Background: Tyrosinemia type 1 (HT1) is a rare but treatable disease. The aim of the present study was to review the efficacy of long-term treatment of HT1 with nitisinone, expand knowledge about the clinical spectrum of the disease and assess a possible genotype-phenotype correlation. Methods: A retrospective multicenter study was carried out based on questionnaires on genotype, phenotype, therapy and outcome in 34 Spanish patients with HT1. Results: The main manifestations that led to the diagnosis were acute liver failure (55.8%), asymptomatic hepatomegaly (44.1%) and renal tubular dysfunction (29.4%). Laboratory analysis indicated a marked increase of α-fetoprotein and coagulopathy. The most common mutation was IVS6-1(G > T; 66.6% of 24/34 patients for whom mutation analysis was available) and these patients presented less nephrocalcinosis and more hepatomegaly at diagnosis; two novel mutations (c.974C>T, c.398A>T) were found. The mean duration of treatment was 6.73 years. Dietary compliance was very good in 47.1% and good in 20.6%; nitisinone treatment adherence was very good in 85.2% of cases. Mean dose of nitisinone was 0.87 mg/kg per day with average plasma levels of 45.67 μmol/L. Only one patient required liver transplantation after nitisinone and none had hepatocellular carcinoma. Conclusions: Treatment with nitisinone has improved the prognosis of HT1, and compliance is good. In Spain, screening for HT1 by plasma tyrosine and urine succinylacetone determination may be implemented with IVS6-1(G > T) mutational analysis. A correlation between low frequency of nephrocalcinosis and IVS6-1(G > T) mutation was observed. © 2011 The Authors. Pediatrics International © 2011 Japan Pediatric Society.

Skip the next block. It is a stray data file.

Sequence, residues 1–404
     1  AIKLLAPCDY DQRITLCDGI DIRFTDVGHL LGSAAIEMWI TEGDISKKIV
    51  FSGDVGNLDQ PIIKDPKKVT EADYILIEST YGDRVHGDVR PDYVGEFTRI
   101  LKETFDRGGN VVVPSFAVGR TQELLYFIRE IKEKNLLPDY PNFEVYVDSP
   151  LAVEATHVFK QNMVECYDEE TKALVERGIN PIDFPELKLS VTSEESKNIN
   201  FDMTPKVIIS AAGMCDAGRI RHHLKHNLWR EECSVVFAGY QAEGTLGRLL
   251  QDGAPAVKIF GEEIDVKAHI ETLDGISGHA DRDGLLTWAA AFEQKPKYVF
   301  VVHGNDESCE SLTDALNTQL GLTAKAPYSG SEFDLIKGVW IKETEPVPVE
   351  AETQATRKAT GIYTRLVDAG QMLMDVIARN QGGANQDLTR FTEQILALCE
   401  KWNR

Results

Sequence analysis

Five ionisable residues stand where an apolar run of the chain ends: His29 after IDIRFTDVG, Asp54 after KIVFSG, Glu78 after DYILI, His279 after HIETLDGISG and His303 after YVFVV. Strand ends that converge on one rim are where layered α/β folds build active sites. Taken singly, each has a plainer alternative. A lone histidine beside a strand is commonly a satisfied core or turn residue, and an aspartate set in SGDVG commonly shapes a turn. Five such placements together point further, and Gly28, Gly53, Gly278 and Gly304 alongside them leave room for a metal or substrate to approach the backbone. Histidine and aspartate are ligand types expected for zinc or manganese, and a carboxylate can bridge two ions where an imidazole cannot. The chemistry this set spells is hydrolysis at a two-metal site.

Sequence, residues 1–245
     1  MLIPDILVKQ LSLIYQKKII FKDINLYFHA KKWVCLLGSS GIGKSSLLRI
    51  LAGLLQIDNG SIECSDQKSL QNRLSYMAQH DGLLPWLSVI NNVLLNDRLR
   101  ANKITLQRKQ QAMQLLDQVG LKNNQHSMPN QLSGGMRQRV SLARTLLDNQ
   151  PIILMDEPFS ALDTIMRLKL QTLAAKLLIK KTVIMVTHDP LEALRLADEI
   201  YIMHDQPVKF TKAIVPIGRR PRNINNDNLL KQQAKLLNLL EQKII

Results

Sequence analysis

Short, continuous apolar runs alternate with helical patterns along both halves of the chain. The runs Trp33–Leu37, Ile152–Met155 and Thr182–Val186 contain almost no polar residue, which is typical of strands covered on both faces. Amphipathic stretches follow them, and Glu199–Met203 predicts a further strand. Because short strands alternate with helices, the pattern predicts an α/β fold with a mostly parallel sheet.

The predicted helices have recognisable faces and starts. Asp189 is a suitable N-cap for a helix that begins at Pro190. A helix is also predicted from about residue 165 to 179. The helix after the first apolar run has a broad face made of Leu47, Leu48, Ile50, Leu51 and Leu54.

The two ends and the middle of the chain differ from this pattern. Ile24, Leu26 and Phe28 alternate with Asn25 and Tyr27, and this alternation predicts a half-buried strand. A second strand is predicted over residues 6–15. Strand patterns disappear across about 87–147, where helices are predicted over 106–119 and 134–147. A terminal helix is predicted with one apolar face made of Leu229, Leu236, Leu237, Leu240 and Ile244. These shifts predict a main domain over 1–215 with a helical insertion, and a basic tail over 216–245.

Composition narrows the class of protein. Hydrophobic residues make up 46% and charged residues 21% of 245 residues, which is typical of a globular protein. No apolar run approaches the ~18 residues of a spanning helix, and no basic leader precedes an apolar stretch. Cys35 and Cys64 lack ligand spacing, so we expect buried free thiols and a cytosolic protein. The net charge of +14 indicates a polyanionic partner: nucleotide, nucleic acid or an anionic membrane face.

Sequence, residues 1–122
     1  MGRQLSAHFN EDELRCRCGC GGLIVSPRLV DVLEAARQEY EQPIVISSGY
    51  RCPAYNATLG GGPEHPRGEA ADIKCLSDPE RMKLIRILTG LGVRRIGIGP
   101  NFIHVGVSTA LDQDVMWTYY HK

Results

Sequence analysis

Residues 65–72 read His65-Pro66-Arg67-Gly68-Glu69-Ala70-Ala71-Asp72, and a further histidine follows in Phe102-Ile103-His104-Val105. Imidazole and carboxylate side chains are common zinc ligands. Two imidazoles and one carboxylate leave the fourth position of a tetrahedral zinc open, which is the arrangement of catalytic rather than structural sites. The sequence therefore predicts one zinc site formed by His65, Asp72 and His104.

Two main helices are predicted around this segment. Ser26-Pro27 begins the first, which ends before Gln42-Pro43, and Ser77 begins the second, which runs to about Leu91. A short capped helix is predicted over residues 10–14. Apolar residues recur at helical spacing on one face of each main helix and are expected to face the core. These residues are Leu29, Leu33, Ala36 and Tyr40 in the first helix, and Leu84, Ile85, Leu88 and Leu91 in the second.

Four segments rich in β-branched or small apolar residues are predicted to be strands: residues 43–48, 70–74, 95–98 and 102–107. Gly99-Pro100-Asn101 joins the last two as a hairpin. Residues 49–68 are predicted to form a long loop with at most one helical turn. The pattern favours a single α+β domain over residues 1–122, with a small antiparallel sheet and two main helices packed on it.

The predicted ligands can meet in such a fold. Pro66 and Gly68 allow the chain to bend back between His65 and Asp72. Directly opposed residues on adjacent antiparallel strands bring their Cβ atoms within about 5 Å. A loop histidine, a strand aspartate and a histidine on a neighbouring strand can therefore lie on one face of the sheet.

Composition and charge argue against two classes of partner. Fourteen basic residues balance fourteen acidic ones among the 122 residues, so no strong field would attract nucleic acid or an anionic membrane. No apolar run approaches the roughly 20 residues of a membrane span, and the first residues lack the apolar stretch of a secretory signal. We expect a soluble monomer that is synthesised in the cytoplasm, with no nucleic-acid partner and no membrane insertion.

|Publication status||Published - 1 Dec 2011|
- acute liver failure
- genotype-phenotype correlation
- hereditary tyrosinemia type 1